Saturday, June 11, 2011

The Four Cossacks of the Apocalypse

Krugman in 2006 (no link but ht here) writing about the decline of serfdom in Europe and its later reemergence in Russia.  He is sighting a work by Evsey Domar that can be found at the bottom of this very good post by Brad DeLong.
Serfdom, the attachment of unpaid labor to the land withered away in Europe prior to the Black Death.  But in Russia it was reintroduced and further slavery was institutionalized in various forms on the other large European frontier:  Colonial America.  Why?
You do not bother to make someone a serf or a slave, if you can pay them less than what it would cost to house and feed them yourself.  Serfdom was popular after the population collapse of the following the mayhem after the Fall of Rome.  But Europe by 1300 was in an over-populated Malthusian vice.  Labor was very cheap, and land was expensive.  Landlords had no need for chattel labor.
But now suppose that for some reason land becomes abundant, and labor scarce. Then competition among landowners will tend to push up wages of free workers, and the ruling class will try, if it can, to pin peasants down and prevent them from bargaining for a higher [wages]. In Russia, it was all about gunpowder: suddenly steppe nomads were no longer so formidable, and the rich lands of the Ukraine were open for settlement. Serfdom was an effort to keep peasants from taking advantage of this situation. (And if I've got it right, those who were venturesome enough to run away and set up outside the system became Cossacks.)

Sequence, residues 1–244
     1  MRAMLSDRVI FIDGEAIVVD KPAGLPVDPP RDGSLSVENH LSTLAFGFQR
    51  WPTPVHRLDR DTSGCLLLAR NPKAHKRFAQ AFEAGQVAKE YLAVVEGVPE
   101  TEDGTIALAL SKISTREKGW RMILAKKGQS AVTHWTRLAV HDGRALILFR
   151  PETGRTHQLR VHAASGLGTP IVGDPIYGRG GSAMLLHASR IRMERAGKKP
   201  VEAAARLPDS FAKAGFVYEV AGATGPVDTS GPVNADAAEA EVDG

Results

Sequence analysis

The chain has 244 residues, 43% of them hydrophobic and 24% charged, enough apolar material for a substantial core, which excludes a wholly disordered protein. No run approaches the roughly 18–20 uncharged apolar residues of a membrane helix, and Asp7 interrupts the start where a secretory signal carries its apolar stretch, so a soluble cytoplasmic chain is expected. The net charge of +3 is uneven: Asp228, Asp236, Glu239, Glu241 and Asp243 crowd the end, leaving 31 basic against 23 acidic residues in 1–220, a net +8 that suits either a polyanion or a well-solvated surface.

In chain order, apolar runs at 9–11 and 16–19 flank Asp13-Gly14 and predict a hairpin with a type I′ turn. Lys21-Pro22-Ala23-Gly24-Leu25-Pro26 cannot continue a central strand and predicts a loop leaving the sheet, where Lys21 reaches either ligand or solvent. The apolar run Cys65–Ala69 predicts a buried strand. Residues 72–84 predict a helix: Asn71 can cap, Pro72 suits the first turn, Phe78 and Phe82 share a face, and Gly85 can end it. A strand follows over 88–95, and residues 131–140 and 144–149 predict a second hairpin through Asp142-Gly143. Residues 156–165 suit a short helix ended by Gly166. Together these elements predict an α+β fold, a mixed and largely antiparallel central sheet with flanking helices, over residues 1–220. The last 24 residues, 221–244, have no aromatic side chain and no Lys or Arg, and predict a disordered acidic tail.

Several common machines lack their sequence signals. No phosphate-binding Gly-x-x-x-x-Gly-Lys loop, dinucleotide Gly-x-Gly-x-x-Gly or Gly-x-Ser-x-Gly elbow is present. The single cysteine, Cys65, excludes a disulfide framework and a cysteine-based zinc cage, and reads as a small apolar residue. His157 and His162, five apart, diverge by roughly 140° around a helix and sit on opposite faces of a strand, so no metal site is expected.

Meanwhile, the New World opened in the west. Sure enough, the colonizing powers tried various forms of indentured servitude - making serfs of the Indians in Spanish [and English] territories, bringing over indentured servants in Virginia. But eventually they hit on a better solution, from their point of view: importing slaves from Africa.  Krugman, Serfs Up, The New York Times, 2006.
Can we think of a scenario like this:  Lots of land, but a whole lot less people?  If this happened after the collapse of Rome, when else might it happen?

I think a palomino would make a very nice Cossack horse.

 As a post script, DeLong answers the questions as to why Serfdom has not reasserted itself in the modern world:

Why hasn't bound labor reemerged in the modern world?  Elites in developing countries can no longer be confident in their ability to earn hefty incomes by employing workers and paying them much less than their average product: an elite monopoly of land ownership is no longer worth much. So why haven't they responded to the potential erosion of their collective economic edge by turning to politics and force to bind workers?
One answer is that, to some extent, they have: Consider that modern states are surprisingly effective as tax-collection machines, and in large chunks of the world the elite's power and (relative) prosperity is rooted in its "new class" control over the flow of resources from the state. Consider, also, the Communist Party of Vietnam--what is it but a gang labor boss for unfree labor deployed to produce shoes for Nike?  Brad DeLong, The Causes of Slavery or Serfdom: A Hypothesis, May 10, 2003.
Which is probably why some people seem to be awfully impatient for the apocalypse to hurry up and get here already!

No comments: